TYPE 2 diabetes can be controlled by following a diabetes-friendly diet that is low in sugar and calories, but research has also shown adding certain foods to your diet can also help to improve blood sugar levels. Pulses have been found to be beneficial to people with diabetes, with one particular “star” pulse.
Diabetes is a condition in which the level of sugar in the blood is too high. For people with type 2 diabetes, this is because their bodies don’t produce enough insulin, or because the body’s cells reject it. Insulin is needed to control the level of sugar in the blood and transfer it to the cells to be turned into energy. If insulin is unable to do this, too much sugar will remain in the blood, which can lead to serious health complications with the heart, kidneys, nerves, eyes and feet.
People with type 2 diabetes can control the condition by cutting down on sugar and other unhealthy foods, while keeping the number of calories they consume in check.
This is because being overweight increases the risk of diabetes-associated complications.
But in addition to cutting down on unhealthy foods, diabetes can be controlled by adding certain foods to your diet containing properties favourable to blood sugar and insulin resistance.
According to dietitian Juliette Kellow, one type of food that is beneficial to people with diabetes is pulses.
Pulses are the dried seeds of legume plants, such as beans, chickpeas, lentils and dried peas.
In one study, it was found regularly consuming large portions of pulses improved blood sugar control, making them ideal for people with type 2 diabetes.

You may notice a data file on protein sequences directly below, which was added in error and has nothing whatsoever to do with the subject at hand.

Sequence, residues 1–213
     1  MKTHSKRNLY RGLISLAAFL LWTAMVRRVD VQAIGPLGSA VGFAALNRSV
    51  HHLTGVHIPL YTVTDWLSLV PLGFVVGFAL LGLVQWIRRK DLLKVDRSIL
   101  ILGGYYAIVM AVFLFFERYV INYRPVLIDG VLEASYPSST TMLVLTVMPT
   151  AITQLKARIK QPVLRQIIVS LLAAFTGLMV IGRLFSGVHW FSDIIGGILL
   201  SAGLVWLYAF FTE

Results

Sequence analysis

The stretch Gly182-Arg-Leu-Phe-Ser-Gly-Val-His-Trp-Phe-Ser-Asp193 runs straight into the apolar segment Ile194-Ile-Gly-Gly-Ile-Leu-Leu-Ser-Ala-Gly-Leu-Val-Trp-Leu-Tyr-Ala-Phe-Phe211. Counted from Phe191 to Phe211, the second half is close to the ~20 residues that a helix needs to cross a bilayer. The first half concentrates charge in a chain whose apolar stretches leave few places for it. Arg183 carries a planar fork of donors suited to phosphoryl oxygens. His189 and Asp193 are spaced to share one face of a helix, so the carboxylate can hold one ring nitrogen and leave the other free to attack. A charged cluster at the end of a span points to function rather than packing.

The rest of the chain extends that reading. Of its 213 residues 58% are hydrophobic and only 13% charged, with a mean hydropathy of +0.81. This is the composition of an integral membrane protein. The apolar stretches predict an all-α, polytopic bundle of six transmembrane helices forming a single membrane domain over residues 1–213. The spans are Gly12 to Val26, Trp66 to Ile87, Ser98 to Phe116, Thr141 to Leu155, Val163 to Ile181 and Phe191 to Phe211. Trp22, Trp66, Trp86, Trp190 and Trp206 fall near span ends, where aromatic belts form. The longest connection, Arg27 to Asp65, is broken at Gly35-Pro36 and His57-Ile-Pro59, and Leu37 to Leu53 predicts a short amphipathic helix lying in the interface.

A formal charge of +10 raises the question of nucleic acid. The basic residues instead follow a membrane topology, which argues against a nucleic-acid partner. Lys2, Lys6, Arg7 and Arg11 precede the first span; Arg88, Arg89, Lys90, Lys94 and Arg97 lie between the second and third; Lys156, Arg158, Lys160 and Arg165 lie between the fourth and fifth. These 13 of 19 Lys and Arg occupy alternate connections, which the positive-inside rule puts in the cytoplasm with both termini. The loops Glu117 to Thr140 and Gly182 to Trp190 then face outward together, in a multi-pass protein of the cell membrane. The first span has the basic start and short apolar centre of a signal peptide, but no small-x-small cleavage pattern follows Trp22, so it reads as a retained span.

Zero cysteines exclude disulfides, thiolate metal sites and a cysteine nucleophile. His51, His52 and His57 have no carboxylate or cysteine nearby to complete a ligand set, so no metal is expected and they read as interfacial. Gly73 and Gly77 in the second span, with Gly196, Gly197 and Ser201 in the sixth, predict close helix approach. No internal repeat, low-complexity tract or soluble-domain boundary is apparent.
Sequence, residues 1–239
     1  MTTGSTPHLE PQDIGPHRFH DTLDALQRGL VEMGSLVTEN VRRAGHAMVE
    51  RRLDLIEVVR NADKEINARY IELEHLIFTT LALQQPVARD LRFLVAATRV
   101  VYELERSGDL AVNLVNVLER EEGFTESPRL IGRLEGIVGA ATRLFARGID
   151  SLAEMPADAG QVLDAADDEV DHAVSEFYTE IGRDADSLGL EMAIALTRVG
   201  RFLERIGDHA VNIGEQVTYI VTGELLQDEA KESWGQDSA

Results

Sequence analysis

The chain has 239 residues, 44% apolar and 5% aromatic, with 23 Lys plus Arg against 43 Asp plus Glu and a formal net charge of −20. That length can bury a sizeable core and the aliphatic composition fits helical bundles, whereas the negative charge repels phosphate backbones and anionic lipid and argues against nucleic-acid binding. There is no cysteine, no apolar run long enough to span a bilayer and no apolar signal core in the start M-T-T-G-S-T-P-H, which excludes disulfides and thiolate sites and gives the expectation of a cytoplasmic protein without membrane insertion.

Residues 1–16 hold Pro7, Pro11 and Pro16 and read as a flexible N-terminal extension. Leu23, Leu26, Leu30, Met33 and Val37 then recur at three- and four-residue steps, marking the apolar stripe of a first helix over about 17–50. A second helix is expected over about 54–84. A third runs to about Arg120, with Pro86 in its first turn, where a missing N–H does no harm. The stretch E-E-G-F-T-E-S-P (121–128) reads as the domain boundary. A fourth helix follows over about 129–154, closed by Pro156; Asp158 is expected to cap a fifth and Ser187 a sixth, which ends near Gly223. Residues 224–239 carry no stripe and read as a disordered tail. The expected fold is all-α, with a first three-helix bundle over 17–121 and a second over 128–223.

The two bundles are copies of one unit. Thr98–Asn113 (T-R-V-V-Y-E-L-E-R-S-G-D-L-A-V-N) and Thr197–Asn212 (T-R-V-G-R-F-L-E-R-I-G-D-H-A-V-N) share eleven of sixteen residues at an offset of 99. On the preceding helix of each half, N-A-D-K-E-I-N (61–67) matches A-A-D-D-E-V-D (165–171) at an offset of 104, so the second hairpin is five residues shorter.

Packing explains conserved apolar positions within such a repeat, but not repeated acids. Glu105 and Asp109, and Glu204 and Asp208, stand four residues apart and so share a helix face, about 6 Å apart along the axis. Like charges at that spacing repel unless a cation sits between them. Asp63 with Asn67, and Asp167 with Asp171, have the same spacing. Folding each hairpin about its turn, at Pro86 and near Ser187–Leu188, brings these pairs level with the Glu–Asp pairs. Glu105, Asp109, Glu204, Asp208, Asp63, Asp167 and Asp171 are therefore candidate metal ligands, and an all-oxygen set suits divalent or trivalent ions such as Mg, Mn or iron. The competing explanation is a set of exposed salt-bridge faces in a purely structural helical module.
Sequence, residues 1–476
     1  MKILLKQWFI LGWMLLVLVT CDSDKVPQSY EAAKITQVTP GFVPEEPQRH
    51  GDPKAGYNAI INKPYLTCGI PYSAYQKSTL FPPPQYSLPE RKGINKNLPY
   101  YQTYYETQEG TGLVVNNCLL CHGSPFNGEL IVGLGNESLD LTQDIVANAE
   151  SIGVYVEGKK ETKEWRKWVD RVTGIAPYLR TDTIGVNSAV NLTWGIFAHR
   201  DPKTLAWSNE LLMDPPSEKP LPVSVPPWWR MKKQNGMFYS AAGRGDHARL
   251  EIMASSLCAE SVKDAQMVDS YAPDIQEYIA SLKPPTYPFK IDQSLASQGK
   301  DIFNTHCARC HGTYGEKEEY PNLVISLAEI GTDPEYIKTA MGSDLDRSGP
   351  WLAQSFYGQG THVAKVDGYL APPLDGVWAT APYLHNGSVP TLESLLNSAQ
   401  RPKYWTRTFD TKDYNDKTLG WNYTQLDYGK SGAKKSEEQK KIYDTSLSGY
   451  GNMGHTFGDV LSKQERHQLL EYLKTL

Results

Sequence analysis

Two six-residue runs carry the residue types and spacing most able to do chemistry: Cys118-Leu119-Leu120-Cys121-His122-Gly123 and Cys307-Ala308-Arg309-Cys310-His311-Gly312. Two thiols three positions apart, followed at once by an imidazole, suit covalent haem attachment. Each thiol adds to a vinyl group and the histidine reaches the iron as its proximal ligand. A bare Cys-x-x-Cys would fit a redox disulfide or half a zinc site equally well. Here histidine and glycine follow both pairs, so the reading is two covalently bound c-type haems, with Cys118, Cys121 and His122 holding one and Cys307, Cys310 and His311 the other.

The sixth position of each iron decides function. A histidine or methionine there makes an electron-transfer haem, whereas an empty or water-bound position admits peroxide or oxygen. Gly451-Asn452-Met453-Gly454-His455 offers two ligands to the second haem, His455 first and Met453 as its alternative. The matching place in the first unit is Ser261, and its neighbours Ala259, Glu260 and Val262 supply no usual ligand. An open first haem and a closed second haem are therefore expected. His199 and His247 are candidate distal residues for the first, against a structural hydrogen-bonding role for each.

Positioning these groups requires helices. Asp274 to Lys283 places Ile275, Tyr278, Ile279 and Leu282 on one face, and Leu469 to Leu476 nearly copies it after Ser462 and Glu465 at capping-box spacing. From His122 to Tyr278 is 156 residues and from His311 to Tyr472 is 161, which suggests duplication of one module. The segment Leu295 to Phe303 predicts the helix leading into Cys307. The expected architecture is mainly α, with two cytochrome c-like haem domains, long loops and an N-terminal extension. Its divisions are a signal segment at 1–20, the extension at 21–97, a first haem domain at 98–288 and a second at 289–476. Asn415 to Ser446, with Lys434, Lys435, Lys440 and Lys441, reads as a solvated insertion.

The study involved participants eating 200g, or 7oz, portions of pulses five times a week.
Another large study found women who ate the highest, compared with the lowest, amounts of pulses reduced their risk of developing type 2 diabetes by nearly a quarter.
All types of pulses have an array of health benefits, according to Kellow, who highlights kidney beans as being particularly beneficial to diabetes.
“Kidney beans are the star of the pulse world for their high fibre content, which is important for weight management and those with type 2 diabetes, plus they’re rich in antioxidants,” said the dietitian.
Other types of beans which fall into the pulses family include haricot beans, black-eyed beans and black beans.
Kellow advises all people to include pulses in their diets, whether they have diabetes or not.
Studies show a daily serving of 80g, or 3oz, of pulses offer the best health benefits, and the dietitian recommends choosing a variety of pulses to ensure a range of nutrients.
All beans are nutrient rich, but canned varieties are a little less so than dried versions. If using canned pulses, choose those in water without added sugar or salt.
“Good intakes of pulses are linked to a host of health benefits, reducing the risk of many age-related problems, including heart disease and type 2 diabetes,” said Kellow.
“They’re also a great weight-loss food, and an excellent source of nutrients for all.”
Source – Express.co.uk